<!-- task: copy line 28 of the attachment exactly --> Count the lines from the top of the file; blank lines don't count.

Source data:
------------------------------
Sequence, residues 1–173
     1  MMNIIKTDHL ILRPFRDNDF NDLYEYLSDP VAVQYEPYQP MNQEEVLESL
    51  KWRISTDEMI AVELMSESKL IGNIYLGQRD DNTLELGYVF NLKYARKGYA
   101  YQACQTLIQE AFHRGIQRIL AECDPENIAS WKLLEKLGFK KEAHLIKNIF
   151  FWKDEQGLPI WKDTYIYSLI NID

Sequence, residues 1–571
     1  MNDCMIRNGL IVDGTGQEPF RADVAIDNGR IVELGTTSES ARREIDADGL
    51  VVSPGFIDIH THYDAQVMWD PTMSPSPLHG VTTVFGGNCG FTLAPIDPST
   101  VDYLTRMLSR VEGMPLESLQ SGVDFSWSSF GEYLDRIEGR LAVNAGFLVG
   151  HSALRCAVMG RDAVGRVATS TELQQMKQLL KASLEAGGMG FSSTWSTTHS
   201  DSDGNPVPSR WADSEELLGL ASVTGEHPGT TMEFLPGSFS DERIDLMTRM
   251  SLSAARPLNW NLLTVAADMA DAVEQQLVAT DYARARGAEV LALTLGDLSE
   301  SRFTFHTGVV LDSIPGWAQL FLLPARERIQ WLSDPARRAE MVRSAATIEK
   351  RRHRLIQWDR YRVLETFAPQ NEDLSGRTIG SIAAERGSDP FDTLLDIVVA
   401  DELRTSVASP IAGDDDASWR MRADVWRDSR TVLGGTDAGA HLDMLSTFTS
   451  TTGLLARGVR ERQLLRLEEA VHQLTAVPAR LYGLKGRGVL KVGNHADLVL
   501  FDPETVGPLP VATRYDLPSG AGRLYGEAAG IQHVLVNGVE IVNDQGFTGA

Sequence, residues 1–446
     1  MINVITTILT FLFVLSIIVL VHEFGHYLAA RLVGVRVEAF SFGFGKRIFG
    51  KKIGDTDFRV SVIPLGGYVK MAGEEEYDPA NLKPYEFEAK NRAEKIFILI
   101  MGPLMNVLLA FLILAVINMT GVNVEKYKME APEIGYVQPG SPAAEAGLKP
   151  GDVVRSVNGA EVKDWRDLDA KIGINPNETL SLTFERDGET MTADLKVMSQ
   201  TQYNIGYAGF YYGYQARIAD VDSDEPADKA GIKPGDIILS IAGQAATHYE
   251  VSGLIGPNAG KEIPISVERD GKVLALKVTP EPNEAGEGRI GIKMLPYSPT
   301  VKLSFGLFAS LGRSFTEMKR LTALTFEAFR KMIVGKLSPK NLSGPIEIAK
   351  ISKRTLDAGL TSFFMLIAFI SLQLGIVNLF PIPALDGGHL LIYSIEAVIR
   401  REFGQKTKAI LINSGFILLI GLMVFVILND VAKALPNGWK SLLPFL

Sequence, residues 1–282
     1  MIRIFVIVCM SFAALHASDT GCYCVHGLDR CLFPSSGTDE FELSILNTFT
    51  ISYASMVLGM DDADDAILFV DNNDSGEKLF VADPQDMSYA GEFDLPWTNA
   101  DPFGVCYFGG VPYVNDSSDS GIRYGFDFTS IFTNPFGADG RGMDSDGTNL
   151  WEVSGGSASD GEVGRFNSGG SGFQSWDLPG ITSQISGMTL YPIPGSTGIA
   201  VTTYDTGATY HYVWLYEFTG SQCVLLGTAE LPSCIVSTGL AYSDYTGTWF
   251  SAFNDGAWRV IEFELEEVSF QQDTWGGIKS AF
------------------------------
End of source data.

Sequence, residues 1–282